Fighting the resistance – Fr. Zollner on the struggle of the Pontifical Commission for the Protection of Minors

In an interview published by Katholisch.de today, Father Hans Zollner SJ sheds his light on the resistance from certain persons in the Roman Curia against measures to fight sexual abuse of minors by members of the clergy or other representatives of the Church. Fr. Zollner is a member of the Pontifical Commission for the Protection of Minors, most recently in the news because of the departure of Ms. Marie Collins, herself a survivor of abuse. She named the aforementioned resistance against the commission’s work as the main reason for leaving. Fr. Zollner explains:

ZollnerHans-SIR“Of course there is resistance, but not specifically against the representatives of victims or the Commission. The entire topic of abuse is deeply terrible and frightening. Dealing with it and facing it requires a lot of courage. And I believe that many clerics, but also non-clerics, find this very difficult. This is not limited to the Curia. Last Monday – three years after the establishment of the Commission – I was able to speak for the first time about this topic to the Italian bishops in Bologna. It was the same in Ecuador and Colombia a few weeks ago, and next week it will be the same in Malawi. We must conclude that the topic of abuse has not yet registered worldwide. Not in the Church, but also not in society. But it can no longer be ignored now. That is also a merit of the Commission: it has made it public across the world. The question remains if those responsible in the Church will actively pursue the topic out of self-motivation, or only when scandals become public.”

While, according to Fr. Zollner, the resistance that exists is not based on anything exlusive to the Church, but rather the human hesitation of dealing with something painful, there are specific problems in the Church that must be dealt with before the scourge of sexual abuse can be efficiently fought.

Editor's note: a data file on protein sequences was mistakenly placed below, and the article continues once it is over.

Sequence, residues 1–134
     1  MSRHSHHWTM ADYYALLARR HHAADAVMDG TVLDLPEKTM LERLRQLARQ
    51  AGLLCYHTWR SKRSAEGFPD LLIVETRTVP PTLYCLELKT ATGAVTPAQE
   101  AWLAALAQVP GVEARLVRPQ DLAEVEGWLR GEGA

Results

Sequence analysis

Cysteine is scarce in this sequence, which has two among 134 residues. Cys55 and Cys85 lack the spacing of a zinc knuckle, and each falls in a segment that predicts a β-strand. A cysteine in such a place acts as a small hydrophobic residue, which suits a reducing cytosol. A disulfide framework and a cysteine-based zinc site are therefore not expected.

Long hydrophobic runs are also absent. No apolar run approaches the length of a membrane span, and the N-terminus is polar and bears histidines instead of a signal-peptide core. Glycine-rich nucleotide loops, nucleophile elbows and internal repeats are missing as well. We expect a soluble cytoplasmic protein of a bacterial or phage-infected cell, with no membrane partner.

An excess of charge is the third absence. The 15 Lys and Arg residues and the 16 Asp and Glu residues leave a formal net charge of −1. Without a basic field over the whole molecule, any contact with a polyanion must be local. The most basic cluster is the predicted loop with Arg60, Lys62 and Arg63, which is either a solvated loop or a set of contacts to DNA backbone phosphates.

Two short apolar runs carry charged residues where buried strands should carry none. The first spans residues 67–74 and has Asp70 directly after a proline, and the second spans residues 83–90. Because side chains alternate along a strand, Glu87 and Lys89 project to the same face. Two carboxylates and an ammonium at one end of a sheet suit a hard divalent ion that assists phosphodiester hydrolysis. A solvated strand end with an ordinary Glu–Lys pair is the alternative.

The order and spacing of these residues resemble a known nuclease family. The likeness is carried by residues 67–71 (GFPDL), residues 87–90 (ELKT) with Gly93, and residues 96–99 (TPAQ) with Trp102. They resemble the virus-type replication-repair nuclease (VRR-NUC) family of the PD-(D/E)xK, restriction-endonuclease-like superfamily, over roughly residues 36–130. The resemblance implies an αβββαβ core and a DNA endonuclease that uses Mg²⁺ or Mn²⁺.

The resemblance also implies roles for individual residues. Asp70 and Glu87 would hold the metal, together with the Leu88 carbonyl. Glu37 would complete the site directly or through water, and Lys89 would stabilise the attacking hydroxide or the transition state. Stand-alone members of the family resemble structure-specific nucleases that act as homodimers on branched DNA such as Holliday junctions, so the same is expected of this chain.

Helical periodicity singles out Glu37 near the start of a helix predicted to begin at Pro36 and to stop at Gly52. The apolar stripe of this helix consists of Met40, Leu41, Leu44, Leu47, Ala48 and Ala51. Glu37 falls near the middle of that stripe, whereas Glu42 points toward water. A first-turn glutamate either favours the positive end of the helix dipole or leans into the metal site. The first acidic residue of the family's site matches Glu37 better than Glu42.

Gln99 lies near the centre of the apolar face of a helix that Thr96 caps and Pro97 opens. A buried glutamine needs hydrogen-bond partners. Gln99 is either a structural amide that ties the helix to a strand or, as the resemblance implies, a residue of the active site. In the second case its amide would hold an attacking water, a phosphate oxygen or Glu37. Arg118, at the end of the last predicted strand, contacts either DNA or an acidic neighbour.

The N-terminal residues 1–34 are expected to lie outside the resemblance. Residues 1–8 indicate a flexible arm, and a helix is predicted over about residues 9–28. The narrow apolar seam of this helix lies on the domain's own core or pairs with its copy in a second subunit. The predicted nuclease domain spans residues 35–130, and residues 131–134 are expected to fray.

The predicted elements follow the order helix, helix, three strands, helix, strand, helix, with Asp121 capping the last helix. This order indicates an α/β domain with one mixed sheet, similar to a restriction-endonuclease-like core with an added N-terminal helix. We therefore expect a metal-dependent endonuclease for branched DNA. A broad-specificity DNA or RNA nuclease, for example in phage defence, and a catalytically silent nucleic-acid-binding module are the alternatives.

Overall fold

“On the one hand, people criticise Rome – in part rightly so -, which does not handle the topic of child abuse coherently. On the other hand bishops’ conferences continue to refuse to implement instructions from the Congregation for the Doctrine of the Faith from the year 2011. Of course, one can wonder who no take them to task about this. Very simply: because the Church has no means to sanction entire bishops’ conference. Even five years after the deadline set by Rome, for example, some West-African countries have no guidelines for dealing with victims and perpetrators of abuse.”

The Catholic Church is not a big company, with the Pope as a sort of CEO. There is only so much Rome can do, even when everyone there cooperates, to enforce policies like the 2011 CDF instruction. Levelling accusations against the Curia or the Pope, while sometimes justified, is often too simplistic.

Photo credit: SIR

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The other bishops

“The main point we must consider is that a bishop isn’t just a bishop on his own. He is a bishop of a Church and that Church must be somewhere.  In ancient times there were very many more dioceses, which were effectively swept away either by invasion of Muslims or the erosion of demographics, etc.  In more modern times, in the “propaganda” countries, Sees were sometimes established, but the town lost importance for one reason or another and it became impractical to maintain the see there.”

Words from Father Z in this blog post, in which he answers a question about titular dioceses and the rights that bishops may or may not have in them. It prompted me to take a look at the titular sees in my neck of the woods, continental north western Europe. In nine countries (Belgium, Denmark, Finland, Germany, Iceland, Luxembourg, the Netherlands, Norway and Sweden), it turns out, there are only seven of those. Compared to southern Europe, north Africa and the Middle East, that is very few indeed, but it does allow for an easy overview of which titular sees they are and who is appointed to them. In other words, who are the other bishops in these countries*?